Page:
After pool accident, fire-rescue urges caution
The wonderment and joy surrounding a vacation on the top-rated island for fun and smiles soon turned to anguish and torment due to the tragedy of a drowning incident.
Marco Island emergency services personnel last week responded to a call for a possible drowning on Parkhouse Court on Marco. The couple visiting from Champaign, Illinois, called for assistance when they found their 18-month-old in the pool at the residence and called Marco Fire-Rescue around 5 p.m. as they began CPR in an attempt to revive the youngster.
Fire-rescue personnel treated the youngster at the scene. The child was transported to NCH, and was being cared for in intensive care. On Monday, the child was taken off life support.
“In Florida, drowning is the No. 1 cause of deaths in children 5 or under,” said Marco Island Fire-Rescue Chief Mike Murphy. “It is truly one of the most heart-wrenching calls our personnel can respond to.”
Florida led the nation in child drowning deaths in 2014 with a total of 50 fatalities in pools or spas, according to the Consumer Product Safety Commission. Last year, 84 deaths were attributed to all drownings in children 15 and under in the state.
“Many of our personnel have young children,” said Sgt. Nick Ojanovak of the Marco Island Police Department. “We and the fire-rescue personnel are not immune to the sorrow and the heartbreak felt by parents in this type of incident. It affects us all deeply as many of us are parents.”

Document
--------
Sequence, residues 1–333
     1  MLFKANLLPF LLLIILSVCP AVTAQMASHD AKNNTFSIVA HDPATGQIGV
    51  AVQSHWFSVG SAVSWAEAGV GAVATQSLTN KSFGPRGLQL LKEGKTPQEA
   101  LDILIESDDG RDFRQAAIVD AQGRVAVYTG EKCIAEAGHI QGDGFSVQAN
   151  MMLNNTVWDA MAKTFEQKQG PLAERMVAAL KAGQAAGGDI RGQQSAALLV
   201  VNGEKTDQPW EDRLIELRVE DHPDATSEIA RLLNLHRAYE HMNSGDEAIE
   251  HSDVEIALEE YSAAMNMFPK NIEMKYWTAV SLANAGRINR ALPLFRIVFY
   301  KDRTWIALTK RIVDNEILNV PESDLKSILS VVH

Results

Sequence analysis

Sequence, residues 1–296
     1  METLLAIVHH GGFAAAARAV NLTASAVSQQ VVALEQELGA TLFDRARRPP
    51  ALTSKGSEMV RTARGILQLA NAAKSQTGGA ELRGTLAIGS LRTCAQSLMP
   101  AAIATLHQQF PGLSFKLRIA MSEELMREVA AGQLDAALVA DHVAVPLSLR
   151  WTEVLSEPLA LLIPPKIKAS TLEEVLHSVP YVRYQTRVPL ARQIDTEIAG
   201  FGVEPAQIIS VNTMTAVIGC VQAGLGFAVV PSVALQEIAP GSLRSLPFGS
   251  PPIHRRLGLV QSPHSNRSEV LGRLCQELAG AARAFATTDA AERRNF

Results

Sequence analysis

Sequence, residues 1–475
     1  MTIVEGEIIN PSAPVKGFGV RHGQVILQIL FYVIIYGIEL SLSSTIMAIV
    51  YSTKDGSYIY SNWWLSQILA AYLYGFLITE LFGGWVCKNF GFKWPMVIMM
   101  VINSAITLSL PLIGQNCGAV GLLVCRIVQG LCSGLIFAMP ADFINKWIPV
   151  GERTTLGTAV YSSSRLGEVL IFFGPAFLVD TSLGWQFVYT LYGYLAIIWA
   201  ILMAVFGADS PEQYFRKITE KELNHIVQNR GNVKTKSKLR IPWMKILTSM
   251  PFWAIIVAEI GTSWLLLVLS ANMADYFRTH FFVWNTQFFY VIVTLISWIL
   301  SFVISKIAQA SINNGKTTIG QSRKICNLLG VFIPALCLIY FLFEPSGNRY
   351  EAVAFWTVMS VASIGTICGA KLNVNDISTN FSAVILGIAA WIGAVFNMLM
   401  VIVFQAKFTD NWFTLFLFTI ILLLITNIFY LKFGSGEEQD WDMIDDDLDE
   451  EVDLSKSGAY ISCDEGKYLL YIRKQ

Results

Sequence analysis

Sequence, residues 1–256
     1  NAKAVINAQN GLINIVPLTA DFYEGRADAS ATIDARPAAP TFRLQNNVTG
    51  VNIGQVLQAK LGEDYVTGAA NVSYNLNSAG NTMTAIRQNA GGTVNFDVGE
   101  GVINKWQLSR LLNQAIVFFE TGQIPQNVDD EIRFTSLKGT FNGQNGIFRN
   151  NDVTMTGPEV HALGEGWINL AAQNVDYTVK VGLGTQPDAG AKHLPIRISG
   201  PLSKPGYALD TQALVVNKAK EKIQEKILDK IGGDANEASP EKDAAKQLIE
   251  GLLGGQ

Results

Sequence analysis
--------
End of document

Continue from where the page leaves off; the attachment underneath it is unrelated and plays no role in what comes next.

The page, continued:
Although under zoning codes a pool is required to have sliding doors alarmed and be fenced or have an enclosure, there are other additional means of preventing this type of tragedy from occurring.
“Floating alarms in the pool itself, which will emit a warning alarm should a child fall into a pool unobserved, is one way of adding additional protection,” said Matt Stoller, the owner of Calusa Pool Services on Marco Island. “It really is an inexpensive way of adding some additional protection for your young children.”
New homes being built on the island are required to have an alarm on windows or doors that might provide access to a pool area to warn owners if a door is opened by a child or others.
Another style of protection is the addition of a “kiddie fence” immediately around the perimeter of the pool. These are easily installed and can be removed once all children are grown or reinstalled if grandchildren are visiting. Pool alarms and kiddie fencing can be obtained at most local pool supply stores.
The Greater Marco YMCA offers swimming instructions.
Joel Frysinger heads the aquatics program for the YMCA at 380 Sand Hill St.
“We offer a number of programs from 12 months to adults. We are really proud of our ‘Mommy and Me,’ or the ‘Daddy and Me’ programs that are run for the very young. The emphasis of that program is to help them survive an accidental fall into the water. These are scheduled as the need arises by simply having a family member contact me,” said Frysinger. “It is usually done as part of a 4 separate sessions with the instructor.”
A new program the Y began last year is “Water Wise,” run for all the third-grade students at Tommie Barfield and Manatee Elementary schools. During this time, the children are taught by the Marco Island Fire-Rescue Department, lifeguards at the Y and the U. S. Coast Guard.
“The children learn some basics in first-aid, common-sense safety instruction and basic boating instruction. It was very successful last year and we’ll continue the program for those elementary school youngsters starting in May,” said Frysinger.
Frysinger can be reached by calling him at the YMCA, 394-7327 ext. 106, to inquire about lessons at the YMCA.